The markings feature an image of a bicycle paired with a series of chevrons, according to Scott Hinton, Moline’s city engineer. There will also be signs informing cyclists of the routes.
Work on the $22,000 project began Monday and is expected to be completed within a few weeks.
“It looks like we’re right at 20 miles of new bike lanes that will be identified,” Hinton said.
The markings are more like reminders than mandates, Hinton said. Bicycles and motor vehicles already are allowed to use the city roadways, and the sharrows, being placed on the right-hand side of certain roads in the direction of travel, will not restrict the lane to bicycles.
What the sharrows will do, he said, is notify riders of the city’s preferred routes and warn motorists that they may see more cyclists on certain streets. The routes will run the length of the city from east to west or north to south, and connect to existing trails where possible.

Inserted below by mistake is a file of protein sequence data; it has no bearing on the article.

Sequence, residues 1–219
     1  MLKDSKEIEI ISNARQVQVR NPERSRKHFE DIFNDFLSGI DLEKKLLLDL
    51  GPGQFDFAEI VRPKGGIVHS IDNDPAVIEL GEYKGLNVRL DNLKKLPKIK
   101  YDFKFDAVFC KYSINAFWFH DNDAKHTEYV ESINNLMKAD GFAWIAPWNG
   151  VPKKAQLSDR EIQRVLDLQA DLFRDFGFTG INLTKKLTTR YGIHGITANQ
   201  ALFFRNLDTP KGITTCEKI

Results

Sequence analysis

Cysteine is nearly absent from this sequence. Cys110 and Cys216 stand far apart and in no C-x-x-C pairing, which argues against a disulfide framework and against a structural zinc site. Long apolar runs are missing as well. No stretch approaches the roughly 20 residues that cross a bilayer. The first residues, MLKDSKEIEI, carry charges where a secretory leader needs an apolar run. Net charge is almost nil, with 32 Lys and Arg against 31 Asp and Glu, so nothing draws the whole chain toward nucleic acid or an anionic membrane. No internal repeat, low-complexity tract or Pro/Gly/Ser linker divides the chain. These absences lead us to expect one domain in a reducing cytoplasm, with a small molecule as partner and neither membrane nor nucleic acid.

Broadening the use of roadways beyond motor vehicles has been a national trend for the last 10 or 15 years, Hinton said. Moline, however, cannot add many dedicated bicycle lanes adjacent to its roadways because the city’s layout has little extra space for them.
“Unfortunately we can’t do that, so we have to accommodate bicycles another way,” Hinton said.
A map provided by Hinton showed certain areas where Moline was or will be able to add bike-only lanes, but there are only a few. The rest of the routes will be marked by sharrows.
The routes were selected because they were wide enough for sharing and for their access across town, Hinton said. They were also chosen with destinations like the Moline Public Library in mind. One of the north-south routes runs along 41st Street, passing the library.